We’ve seen a healthy number of useful charts recently comparing phones against each other to see which has the advantage. Whether it’s how much internal storage is actually usable on your device when it ships, or how good the battery is, they’re all useful in choosing what phone to go for based on your values.

In most comparisons, the iPhone comes out top. But in this latest one by @somospostpc, it doesn’t fare so well. Apple is well renowned for being a company that makes phones (and other devices) as thin and small as humanly possible.

Whether that’s the Mac Mini, MacBook Air, iPad Air or iPod shuffle, that is true. In fact, going back to the original Macintosh, Steve Jobs focus on making it as small as it could possibly be without rendering it useless was a key part of its development.

So, when creating a smartphone, you’d assume the same focus would apply with the display. During iPad launch events, executives on stage talk about how the display just gets out of the way, and you’re immersed in the content. So it may come as a surprise that Apple’s use of the smartphones front space isn’t nearly as efficient as other companies.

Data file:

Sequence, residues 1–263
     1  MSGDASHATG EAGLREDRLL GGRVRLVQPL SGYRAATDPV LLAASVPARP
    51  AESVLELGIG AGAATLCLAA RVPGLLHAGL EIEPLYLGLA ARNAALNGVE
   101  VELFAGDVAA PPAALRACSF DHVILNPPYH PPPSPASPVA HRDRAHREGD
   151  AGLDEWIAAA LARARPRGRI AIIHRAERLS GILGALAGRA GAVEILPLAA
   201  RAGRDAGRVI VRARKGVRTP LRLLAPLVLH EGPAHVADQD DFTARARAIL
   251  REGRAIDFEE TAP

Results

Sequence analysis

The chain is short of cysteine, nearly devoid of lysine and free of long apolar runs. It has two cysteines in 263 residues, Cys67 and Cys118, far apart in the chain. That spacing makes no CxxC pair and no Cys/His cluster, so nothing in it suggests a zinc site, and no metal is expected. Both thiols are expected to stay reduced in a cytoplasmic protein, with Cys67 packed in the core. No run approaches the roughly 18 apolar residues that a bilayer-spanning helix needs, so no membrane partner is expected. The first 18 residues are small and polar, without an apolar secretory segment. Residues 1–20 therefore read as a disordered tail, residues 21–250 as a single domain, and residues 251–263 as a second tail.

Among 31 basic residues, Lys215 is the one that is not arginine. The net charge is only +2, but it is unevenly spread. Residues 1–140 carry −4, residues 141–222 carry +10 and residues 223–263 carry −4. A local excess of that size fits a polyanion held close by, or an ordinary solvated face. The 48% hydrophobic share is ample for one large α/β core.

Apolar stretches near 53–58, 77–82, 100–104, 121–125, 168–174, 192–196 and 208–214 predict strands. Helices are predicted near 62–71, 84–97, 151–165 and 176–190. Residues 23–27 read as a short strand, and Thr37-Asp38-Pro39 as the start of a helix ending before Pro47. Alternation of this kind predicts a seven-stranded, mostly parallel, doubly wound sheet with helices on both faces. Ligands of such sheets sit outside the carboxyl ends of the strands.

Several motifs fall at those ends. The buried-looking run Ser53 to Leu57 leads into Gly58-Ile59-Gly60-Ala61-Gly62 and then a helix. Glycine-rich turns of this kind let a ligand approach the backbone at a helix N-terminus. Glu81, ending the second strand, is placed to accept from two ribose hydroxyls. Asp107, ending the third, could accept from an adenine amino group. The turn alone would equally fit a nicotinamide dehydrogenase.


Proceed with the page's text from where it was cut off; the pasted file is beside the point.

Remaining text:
How Much Of Your IPhone’s Front Is Screen Handy Chart Shows Percentage vs. Competitors

The chart above shows how much of the phone’s front is taken up by actual display. And – as you can see – all of the iPhones are in the bottom 10, out of 28. It’s probably no surprise to see large-screened phones near the top.

Both popular phablets (LG G2 and Note 3) are 1st and 2nd. But it’s the iPhone 5s’ direct competitors, the Galaxy S4, Moto X and Nexus 5 that impress with 72% of the front being screen. Compare that to the iPhone 5s’ 60.6%, and you start to see why they’re so impressive.

Of course, there’s the basic logical math here. If the screen is larger, it stands to reason that it’ll take up more of the front face than a smaller display would. After all, the frame doesn’t necessarily have to get that much bigger just because the screen is.

But, there’s something very impressive about the efficient use of space with the likes of the Galaxy S4 and Nexus 5. The bezels are almost non-existent, and the phone size isn’t anywhere near as big as it could be, considering the vast size of the display.

Will this change with the next iPhone? I’d say almost certainly, yes. Looking at the iPhones in the chart, the percentage has gone up with every generation, so it’s only natural that the trend will continue.

A big screen is great in a phone, but when it’s almost frameless, it’s that much more immersive and attractive. Perhaps something for Cupertino’s designers to work on for the next device.

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